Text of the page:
"Excellent," Uncle Bernard said. "Everyone who believes Audrey here is Elizabeth Van Vreemdeling, raise your paw."

  All the trolls raised their hands, Helen called from the kitchen, "I believe it," and I saw that Molly had raised her hand too.

  "It seems we have a consensus of opinion," Uncle Bernard said.

  "That is not proof," I said. "You could all be wrong. I might just look a lot like her."

  "You have a point," Uncle Bernard said. "Nothing is ever definite, but you have to admit there is more of a possibility that you are Elizabeth than you previously thought."

  "Maybe a tiny bit more," I said. "But I am far from convinced."

  "What would convince you?"

  "Nothing I can think of, unless I suddenly remembered being Elizabeth, which I do not."

  Molly said, "You all say that Elizabeth Van Vreemdeling had a different reaction to the Wolluf from everyone else. I would be interested in seeing if Audrey does too, besides being interested in seeing the Wolluf."

  "Well, it's before breakfast, but I suppose we could call him if you think you want to see him on an empty stomach," Uncle Bernard said. "And as I think about it, that might be the best way."

  "You can just call him and he will come?"

  "Yes, but we tend not to."

  CHAPTER 35

  The Wolluf

  "All right. You asked for it," Joe said. He put two fingers in his mouth and whistled loudly. "Max!" he shouted.

  I noticed all the trolls were shading their eyes with their hands. Molly looked excited. I braced myself for something ghastly. I heard the scrabbling of claws and the thumping of paws. I heard raspy panting.

  And then...

  CHAPTER 36

  Breakfast with a Wolluf

  The puppy, the one I had been playing with earlier, came bounding into the room. He headed straight for me. I sank to my knees and hugged and petted him. He put his paws on my shoulders and licked my face. At first I thought I was protecting him from the Wolluf, and then I realized that nothing else was about to enter the room.

  While this was happening, the trolls were moaning and groaning.

  "Oh, lordy, how terrible! How frightening! How unbearable!"

  Molly was saying similar things, but she was
n't groaning. She was clapping her hands, and jumping up and down.

  "What is all this? What is so horrible? What are you seeing that you find so unpleasant?" I asked the trolls.

  "Unpleasant? Painful is more like it," the trolls said.

  "Molly, what are you seeing?"

  "Oh, it is bad," Molly said. "I mean, it is scary. I'm not seeing anything. It's like there is nothing to see. There's ... there's a hole in reality. It is like absolute darkness—only it is so dark, it's bright. It's like looking at the sun, if the sun were the source of all darkness."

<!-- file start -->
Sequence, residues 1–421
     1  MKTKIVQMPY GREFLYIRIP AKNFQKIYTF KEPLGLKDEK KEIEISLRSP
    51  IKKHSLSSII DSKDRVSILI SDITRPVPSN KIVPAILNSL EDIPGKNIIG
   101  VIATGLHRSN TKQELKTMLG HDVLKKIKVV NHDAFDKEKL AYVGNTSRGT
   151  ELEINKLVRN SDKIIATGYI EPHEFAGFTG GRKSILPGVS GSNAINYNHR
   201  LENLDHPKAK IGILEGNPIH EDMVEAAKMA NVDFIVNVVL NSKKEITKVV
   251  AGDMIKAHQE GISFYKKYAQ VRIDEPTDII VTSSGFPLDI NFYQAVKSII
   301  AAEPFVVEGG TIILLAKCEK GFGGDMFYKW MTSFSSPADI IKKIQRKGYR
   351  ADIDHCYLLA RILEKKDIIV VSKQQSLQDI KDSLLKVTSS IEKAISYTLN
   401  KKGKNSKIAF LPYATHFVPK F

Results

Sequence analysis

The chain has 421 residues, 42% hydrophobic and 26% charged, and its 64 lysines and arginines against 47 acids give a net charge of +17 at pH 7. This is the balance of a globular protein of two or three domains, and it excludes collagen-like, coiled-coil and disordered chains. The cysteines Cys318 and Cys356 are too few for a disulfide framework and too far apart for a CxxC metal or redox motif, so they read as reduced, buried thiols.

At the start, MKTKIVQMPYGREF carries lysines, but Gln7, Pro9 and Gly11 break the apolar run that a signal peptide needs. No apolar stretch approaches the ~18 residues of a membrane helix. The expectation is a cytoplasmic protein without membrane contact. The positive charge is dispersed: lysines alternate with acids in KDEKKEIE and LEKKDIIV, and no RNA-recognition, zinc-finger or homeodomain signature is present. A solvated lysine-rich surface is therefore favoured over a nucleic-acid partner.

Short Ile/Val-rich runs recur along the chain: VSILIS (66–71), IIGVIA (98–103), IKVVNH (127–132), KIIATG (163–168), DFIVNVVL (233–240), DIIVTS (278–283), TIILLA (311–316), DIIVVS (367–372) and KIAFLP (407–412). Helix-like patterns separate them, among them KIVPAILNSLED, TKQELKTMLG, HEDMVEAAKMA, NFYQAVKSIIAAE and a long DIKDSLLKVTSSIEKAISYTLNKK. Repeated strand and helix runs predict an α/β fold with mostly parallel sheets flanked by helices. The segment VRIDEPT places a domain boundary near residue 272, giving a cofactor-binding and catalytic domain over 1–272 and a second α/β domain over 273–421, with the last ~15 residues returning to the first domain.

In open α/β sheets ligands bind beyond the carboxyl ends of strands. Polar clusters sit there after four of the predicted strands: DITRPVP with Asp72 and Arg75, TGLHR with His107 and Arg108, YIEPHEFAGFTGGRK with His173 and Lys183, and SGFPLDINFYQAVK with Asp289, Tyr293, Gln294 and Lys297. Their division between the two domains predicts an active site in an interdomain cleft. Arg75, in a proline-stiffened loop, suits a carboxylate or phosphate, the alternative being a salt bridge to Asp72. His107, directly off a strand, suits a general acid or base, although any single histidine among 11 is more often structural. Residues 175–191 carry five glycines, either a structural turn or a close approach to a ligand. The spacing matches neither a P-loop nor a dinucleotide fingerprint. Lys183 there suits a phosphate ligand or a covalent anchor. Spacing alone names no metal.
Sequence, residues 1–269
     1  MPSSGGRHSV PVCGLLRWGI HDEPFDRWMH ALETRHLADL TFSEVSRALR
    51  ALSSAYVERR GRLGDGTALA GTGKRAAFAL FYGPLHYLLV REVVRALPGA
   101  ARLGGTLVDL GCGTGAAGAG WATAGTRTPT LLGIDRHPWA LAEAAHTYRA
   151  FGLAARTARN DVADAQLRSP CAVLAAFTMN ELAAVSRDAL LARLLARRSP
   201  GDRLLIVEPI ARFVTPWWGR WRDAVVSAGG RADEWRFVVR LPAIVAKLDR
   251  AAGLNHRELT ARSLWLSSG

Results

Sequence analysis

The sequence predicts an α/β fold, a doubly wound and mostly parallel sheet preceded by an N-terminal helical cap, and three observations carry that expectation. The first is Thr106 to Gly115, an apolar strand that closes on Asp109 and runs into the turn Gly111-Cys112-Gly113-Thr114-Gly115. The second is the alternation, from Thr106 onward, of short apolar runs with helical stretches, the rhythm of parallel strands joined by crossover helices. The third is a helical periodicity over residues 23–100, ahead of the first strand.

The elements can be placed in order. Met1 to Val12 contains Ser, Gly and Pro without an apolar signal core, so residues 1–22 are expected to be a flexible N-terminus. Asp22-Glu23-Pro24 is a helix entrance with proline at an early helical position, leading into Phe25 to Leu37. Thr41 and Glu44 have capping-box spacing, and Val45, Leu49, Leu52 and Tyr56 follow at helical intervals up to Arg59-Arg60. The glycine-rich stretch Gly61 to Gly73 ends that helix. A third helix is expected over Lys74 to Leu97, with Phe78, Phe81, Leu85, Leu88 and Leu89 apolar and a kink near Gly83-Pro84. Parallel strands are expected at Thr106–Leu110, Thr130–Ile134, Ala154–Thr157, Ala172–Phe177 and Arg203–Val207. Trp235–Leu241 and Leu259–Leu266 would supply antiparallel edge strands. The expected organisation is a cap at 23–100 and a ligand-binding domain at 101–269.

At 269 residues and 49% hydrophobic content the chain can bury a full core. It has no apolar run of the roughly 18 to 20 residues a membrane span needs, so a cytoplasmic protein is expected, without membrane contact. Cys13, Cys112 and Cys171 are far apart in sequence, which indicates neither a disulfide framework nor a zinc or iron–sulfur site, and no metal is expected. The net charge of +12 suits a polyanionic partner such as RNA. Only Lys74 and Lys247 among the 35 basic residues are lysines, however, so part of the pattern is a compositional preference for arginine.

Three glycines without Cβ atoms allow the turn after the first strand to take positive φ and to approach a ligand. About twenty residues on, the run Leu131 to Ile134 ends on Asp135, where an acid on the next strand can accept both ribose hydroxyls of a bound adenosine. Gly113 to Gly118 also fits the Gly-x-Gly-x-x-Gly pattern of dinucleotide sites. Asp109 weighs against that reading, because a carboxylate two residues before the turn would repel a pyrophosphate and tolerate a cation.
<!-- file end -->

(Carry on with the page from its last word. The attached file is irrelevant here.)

"And it pulses. And coruscates. And flashes blackness," the trolls said. "It is like staring into the pit of hell. As often as we see it, it never gets easier."

  "I would rather be stuffed in a garbage can and thrown down a well than look at this," Joe said.

  "I would rather be put through an industrial olive-pitting machine than look at this," Fay said.

  "I would rather be trampled to death by a hundred elephants than look at this," Phil said.

  "I would rather die, be reborn as a skunk, and then be stepped on by a moose than look at this," Helen shouted from the kitchen.

  "What are you seeing?" Molly asked me.

  "Cute puppy," I said.

  "Cute cute, or horrifying and diabolically cute?"

  "Regular cute," I said. "He likes me. What happens if I wrap him in my sweater?" I put my sweater around the puppy and held him.

  "A little better," Uncle Bernard said. "Still scary, but better."

  "Would you like to take Max out on the veranda while we have our breakfast?" Helen asked. "Molly can bring yours outside to you."

  "I'm not sure I can eat," Joe said.

  CHAPTER 37

  Away from the Island

  I shared my Danish pastries with Max. He wasn't interested in the split-pea soup. Neither was I.

  "This is confusing," I said to Max. "Do you think I might actually be Elizabeth Van Vreemdeling?"

  "Obviously you're Elizabeth," Max said.

  "You can talk! How is it you can talk?" I asked.

  "I'm the Wolluf," Max said.

  "And you too think I am Elizabeth."

  "Not think—know," Max said. "I'm the Wolluf. I'm never wrong about things like this."

  "Is that why Chicken Nancy arranged for me to come here, so you could tell me I am Elizabeth Van Vreemdeling? Which I still do not believe, by the way."

  "I would imagine she wanted you to meet me because I am the only one who can guide you where you have to go," Max said.

  "And where do I have to go?" I asked the Wolluf.

  "Let's leave that for later," Max said. "Are you ready to take a little trip with me?"

  Molly had come out onto the veranda.

  "Can Molly come along?" I asked.

  "I see no reason why not," the Wolluf said.

  "We going somewhere?" Molly asked.

  "Max wants to guide me," I said. "Are you up for it? Is he still looking terrifying to you?"

  "Pretty terrifying—but I am learning to deal with it," Molly said. "These Hudson River trolls may be four hundred years old and know a lot, but they don't have nerve like a Catskill Mountain dwerg."

  "Good girl," Max said. "I don't do it on purpose, you know."

  "It talks," Molly said.

  "I was about to mention that," I said.

  "So what do we do first?"

  "First we get off the island and ashore. You girls strong swimmers?"

  "Not with these currents," I said. "Besides, I think I see Harold the giant making his way upstream. He can take us across."

  Molly leaned in through the open door and called to the trolls, "We're going soon. Would it be all right with you if we took the Wolluf away with us?"

  "All right?" the trolls answered all at once. "We would love it, and be grateful forever."